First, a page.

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By Dan O'Shea
Feeling a little Manny-less lately?
We all get that sometimes. Just don't turn to performance enhancers to make it all better, or you may find yourself on the sidelines for 50 games. We will continue to live in a world without Manny for another month-and-a-half, and for the second time this year, we must try to figure out if a star player will be something less when he returns from a layoff that came just after a drug revelation.
A-Rod's return thus far is going pretty well: Only seven hits in 36 at-bats through Tuesday night, but five of those hits are home runs, and he already has 10 walks, perhaps a sign that he doesn't feel in such a hurry to prove himself that he'll swing at bad balls.
Manny's game, one of contact, suggests that he will return in early July with similar results as long as he spends some quality time in the batting cage.
Manny's special talent has always been contact. His home runs - 533 of them in his career - have almost been by-products of highly-skilled contact hitting, so he shouldn't return with any need to show off brute power, something which might be driving A-Rod at least a little right now.
Manny's Dodgers are a good young team that is still much better with him than without him. I think he'll still get plenty of RBI opportunities, and a long break might actually have this 38-year-old (his birthday is in a few days) hitting his mid-season stride just when everyone else is battling late-season fatigue.
I would still rank Manny fairly close to his pre-season fantasy rank (No. 25 in Yahoo!), and I think he's worth trading for now if you have a player ranked in the 30 to 40 range that you can spare as an investment in a potential late-season surge. You can get him now at a much better price than you will at the trade deadline later this season - unless, of course, the suspension causes him such utter sadness that he retires. Then, well, forget everything I just said.
Not surprisingly, the expert wire has been buzzing lately with advice for the Manny-less:
* Bleacher Report takes a closer look at what Manny owners may stand to lose in the coming weeks.
* Bleacher Report also has a fresh list of possible pick-ups for Manny-less teams. I do like Shin-Soo Choo, who is sort of streaky, the way Alfonso Soriano can be, but Choo can bring Manny owners something they won't get with the dread-locked one - stolen bases.
* Newsday likes real-world replacement Juan Pierre, who also is a speed freak, though I would prefer a wire pick-up that gives at least a few homers and RBIs. Maybe Brad Hawpe or Ben Zobrist?
* ESPN's Christopher Harris has some views on struggling starters that you may be able to buy low for better returns as the season wears on. Chief among them is Cole Hamels, though Hamels now has three solid starts in a row after a string of freakish injuries, so he might demand a bit more on the trade market. Harris also has ranked his top 80 starters based on future performance the rest of this year - note that Zack Greinke, All-World to this point, is only eighth on the list.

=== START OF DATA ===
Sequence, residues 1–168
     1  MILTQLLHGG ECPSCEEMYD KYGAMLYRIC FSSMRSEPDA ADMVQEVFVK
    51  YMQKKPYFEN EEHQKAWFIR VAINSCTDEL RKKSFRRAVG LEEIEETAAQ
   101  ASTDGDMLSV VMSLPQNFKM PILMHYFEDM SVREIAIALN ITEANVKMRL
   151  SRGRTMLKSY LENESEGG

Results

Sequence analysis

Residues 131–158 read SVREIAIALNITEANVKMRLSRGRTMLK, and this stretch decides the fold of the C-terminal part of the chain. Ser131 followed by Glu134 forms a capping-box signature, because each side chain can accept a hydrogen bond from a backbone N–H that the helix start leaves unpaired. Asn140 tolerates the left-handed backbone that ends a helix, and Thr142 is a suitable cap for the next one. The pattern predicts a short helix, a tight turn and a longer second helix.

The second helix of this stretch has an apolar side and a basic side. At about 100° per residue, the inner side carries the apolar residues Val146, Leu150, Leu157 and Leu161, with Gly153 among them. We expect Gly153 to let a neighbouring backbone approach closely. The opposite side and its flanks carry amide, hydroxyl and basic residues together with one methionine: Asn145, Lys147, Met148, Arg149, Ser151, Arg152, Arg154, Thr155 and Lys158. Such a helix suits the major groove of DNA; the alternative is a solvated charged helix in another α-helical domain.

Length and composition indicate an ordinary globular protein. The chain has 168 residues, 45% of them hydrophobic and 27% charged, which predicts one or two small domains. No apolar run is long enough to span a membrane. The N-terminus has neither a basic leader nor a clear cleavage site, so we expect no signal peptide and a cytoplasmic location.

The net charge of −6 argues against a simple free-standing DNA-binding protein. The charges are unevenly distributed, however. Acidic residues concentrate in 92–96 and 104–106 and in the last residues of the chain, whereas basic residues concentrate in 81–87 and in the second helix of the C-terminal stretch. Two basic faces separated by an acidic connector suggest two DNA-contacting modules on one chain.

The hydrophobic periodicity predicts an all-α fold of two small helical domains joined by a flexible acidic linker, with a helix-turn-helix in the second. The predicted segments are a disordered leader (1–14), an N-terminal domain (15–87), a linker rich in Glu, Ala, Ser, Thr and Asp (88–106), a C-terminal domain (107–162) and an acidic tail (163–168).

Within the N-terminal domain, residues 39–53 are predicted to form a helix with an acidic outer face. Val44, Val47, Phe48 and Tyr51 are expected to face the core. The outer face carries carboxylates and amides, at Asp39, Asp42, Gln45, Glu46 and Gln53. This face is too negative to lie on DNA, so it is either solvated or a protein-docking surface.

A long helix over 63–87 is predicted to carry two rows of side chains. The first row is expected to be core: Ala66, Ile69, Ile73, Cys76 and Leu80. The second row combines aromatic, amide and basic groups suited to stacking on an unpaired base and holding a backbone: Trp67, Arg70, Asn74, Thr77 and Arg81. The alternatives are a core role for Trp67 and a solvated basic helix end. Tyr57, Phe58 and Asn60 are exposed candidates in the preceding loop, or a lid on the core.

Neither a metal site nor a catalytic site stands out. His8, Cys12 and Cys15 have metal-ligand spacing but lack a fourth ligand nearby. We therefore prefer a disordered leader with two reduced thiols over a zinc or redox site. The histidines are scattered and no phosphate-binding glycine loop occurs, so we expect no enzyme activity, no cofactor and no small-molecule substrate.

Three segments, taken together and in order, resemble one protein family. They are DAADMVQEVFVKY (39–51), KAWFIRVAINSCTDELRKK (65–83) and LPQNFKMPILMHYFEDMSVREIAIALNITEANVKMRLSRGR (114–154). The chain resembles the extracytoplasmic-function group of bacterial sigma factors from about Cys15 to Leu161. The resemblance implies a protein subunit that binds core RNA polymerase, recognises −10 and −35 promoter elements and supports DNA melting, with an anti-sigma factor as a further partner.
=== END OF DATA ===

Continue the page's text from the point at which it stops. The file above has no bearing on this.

And a couple of breaking news bits:
* SP Dontrelle Willis came back this week from an anxiety-related layoff to start the season. ESPN's Out of the Box has the report on his terrific return: 6.1 IP, 0 ER, 5 Ks.
How much can you base on one game? Well, not much, usually, so if you want to rush to the waiver wire to get Willis, don't part with anyone too valuable.
But, he did shut down the stacked Texas line-up.
It will be interesting to see how Detroit will handle him. The Tigers soon will have an embarrassment of riches among their starting pitchers, with Justin Verlander and Edwin Jackson doing very well, youngster Rick Porcello rebounding from a slow start and Jeremy Bonderman due back soon from the DL. Armando Galarraga has been inconsistent, but is probably still worthy of a rotation spot on most teams.
Could first-place Detroit trade Willis or another starter to beef up its bullpen or lineup? Stay tuned.
* Meanwhile, Rickie Weeks owners can't seem to catch a break. Weeks is now out for the season with a wrist injury after a recent power surge pushed him up to 9 homers on the year. Yahoo!'s Closing Time has more on this tragedy.
Weeks had fielding woes and inconsistency at the plate during the last two years that marred his promising talents, including a bat that seems capable of 20-plus homers and legs that could steal 30-plus bases and score 120 runs if given a full season of opportunity. This year, his fielding improved and in the potent Milwaukee lineup, Weeks had been starting to look like a top 5 second baseman. I'll guess right now that he'll end up around No. 5 in my pre-ranks at that position next year, though check back with me later to see if I remember/still acknowledge saying this.
Dan O'Shea's Fantasy Fix appears in this space every Wednesday, except when it appears on Thursday. He welcomes your comments. You can also read his about his split sports fan personality at SwingsBothWays, which isn't about what it sounds like It's about.
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